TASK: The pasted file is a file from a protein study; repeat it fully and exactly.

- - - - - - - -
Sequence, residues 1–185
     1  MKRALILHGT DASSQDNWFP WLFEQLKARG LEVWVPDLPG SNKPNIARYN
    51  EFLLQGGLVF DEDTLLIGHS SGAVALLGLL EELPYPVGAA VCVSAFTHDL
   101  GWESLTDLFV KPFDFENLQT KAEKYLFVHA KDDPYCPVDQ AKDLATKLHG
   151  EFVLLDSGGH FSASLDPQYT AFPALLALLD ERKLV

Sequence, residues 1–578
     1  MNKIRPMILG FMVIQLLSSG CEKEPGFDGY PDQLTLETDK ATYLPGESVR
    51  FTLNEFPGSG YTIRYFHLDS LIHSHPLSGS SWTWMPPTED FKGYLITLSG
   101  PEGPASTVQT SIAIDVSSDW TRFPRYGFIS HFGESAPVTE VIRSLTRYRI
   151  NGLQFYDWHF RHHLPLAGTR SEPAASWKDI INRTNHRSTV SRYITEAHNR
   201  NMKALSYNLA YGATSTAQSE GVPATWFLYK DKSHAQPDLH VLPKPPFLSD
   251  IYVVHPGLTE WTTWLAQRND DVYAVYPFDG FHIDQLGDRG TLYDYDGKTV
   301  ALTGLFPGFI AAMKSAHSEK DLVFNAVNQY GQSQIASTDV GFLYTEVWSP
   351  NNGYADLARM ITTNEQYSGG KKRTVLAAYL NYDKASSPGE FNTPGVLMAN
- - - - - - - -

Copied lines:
Sequence, residues 1–185
     1  MKRALILHGT DASSQDNWFP WLFEQLKARG LEVWVPDLPG SNKPNIARYN
    51  EFLLQGGLVF DEDTLLIGHS SGAVALLGLL EELPYPVGAA VCVSAFTHDL
   101  GWESLTDLFV KPFDFENLQT KAEKYLFVHA KDDPYCPVDQ AKDLATKLHG
   151  EFVLLDSGGH FSASLDPQYT AFPALLALLD ERKLV

Sequence, residues 1–578
     1  MNKIRPMILG FMVIQLLSSG CEKEPGFDGY PDQLTLETDK ATYLPGESVR
    51  FTLNEFPGSG YTIRYFHLDS LIHSHPLSGS SWTWMPPTED FKGYLITLSG
   101  PEGPASTVQT SIAIDVSSDW TRFPRYGFIS HFGESAPVTE VIRSLTRYRI
   151  NGLQFYDWHF RHHLPLAGTR SEPAASWKDI INRTNHRSTV SRYITEAHNR
   201  NMKALSYNLA YGATSTAQSE GVPATWFLYK DKSHAQPDLH VLPKPPFLSD
   251  IYVVHPGLTE WTTWLAQRND DVYAVYPFDG FHIDQLGDRG TLYDYDGKTV
   301  ALTGLFPGFI AAMKSAHSEK DLVFNAVNQY GQSQIASTDV GFLYTEVWSP
   351  NNGYADLARM ITTNEQYSGG KKRTVLAAYL NYDKASSPGE FNTPGVLMAN